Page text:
Tuesday, June 4, 2019

Our guest speaker this month was Professor Larry Ortiz from Sierra College. Professor Ortiz was kind enough to present a slide show at our May meeting on artistic principles and how they could be applied to our quilts. We also welcomed three new members, two of whom are featured in this month's showcase.


Our Program


Most of the lecture focused on creating depth and perspective, something Professor Ortiz feels is sometimes lacking in art quilts.  Depth can be implied in a variety of ways, beginning with one point perspective.  

“Delivery of the Keys to St. Peter” by Pietro Perugino is an early example of one point perspective.  Note how the lines converge in the central building.

“The Last Supper” by Leonardo DaVinci not only illustrates one point perspective but also shows how this perspective can be used to draw the eye to the focal point.


Two point perspective is just that — all lines converging on two separate points.  “Paris Street: Rainy Day” by Gustave Caillebotte incorporates both one and two point perspective.


There are other ways of creating both perspective and depth.  Foreshortening is another approach, but one that requires considerable skill.  “The Lamentation of Christ” by Andrea Mantegna is an early, imperfect, attempt at foreshortening.  


Albrecht Durer came up with a grid method to help artists translate 3D objects into 2D representations.  This method is one that can be used by quilters as well.


Light and color can also be effective in creating depth.  Often, lighter, hazier colors in the background, a technique known as atmospheric perspective, can lend the illusion of distance.  The painting “Fishermen at Sea” by Joseph Mallord William Turner is a good example of atmospheric perspective.


There are other ways of creating depth as well - diminishing size, overlapping shapes, the use of color to bring some shapes forward or to make them recede (warm colors come forward, cool colors recede), the use of value (a light object on a dark background comes forward, as does a dark object on a light background).   Many of these techniques were used by George Seurat in his famous painting, “A Sunday Afternoon on the Island of La Grande Jatte.”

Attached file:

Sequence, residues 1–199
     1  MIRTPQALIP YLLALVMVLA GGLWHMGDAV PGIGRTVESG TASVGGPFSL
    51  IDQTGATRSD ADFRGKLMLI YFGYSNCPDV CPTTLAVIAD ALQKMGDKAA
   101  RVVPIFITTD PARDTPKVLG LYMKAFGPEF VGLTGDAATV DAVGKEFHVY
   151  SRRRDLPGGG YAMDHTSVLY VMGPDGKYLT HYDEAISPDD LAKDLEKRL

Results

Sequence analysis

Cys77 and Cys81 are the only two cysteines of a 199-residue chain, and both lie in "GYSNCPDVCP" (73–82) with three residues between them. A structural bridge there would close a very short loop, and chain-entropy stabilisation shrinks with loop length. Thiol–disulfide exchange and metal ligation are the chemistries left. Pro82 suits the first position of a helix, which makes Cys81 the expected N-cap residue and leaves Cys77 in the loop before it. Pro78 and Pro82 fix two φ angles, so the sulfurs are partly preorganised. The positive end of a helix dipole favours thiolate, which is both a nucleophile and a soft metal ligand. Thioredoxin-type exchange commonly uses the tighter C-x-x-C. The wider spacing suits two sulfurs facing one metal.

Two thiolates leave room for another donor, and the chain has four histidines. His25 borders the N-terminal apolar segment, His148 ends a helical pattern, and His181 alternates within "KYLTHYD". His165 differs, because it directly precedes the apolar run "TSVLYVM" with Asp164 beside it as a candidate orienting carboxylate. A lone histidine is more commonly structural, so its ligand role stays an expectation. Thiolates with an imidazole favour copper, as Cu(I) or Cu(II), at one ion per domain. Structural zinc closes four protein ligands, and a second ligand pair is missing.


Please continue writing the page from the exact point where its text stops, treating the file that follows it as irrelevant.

Dr. Ortiz did touch on some other artistic principles — the use of positive and negative space, the difference between shape and form, implying mass through the use of highlight and shadow, tenebrism, and chiaroscuro.  


"Figure of a Woman" by Paul Colin illustrates the importance of light and shadow, evident here in the human face.


He also talked about the visual interaction of colors, which is not always what one might expect.  This interaction is apparent when colors are placed next to one another, overlapping, or one on top of the other.


In the painting, "Le Chahut," Seurat used tiny dots of complementary colors next to each other, expecting them to create a vibrancy.  The effect, however, was a muddying of the hues, creating the overall impression that looks much like brown.

Professor Ortiz concluded his presentation with critiques of several quilts brought in by members.



The program ended with an invitation to the members to focus on incorporating at least one of these principles in a quilt to be shown at a meeting next May.  The gauntlet has been thrown down, Ladies! 

New Member Showcase


New member, Susan Marshall, brought in some of her work to share.  This pet portrait, "Amber," was begun in a class with Jane Haworth.

She shared a top she created using tissue paper dyeing and water colors, techniques she learned in a class with Bonnie Lattin-Hensel.

Sue is currently considering how to turn her artwork into art quilts.


New member, Stephanie Bennett-Strauss, shared a recent fish quilt, still in progress.

Her farm themed quilt has a few surprise elements . . . 

Another innovative quilt by Stephanie.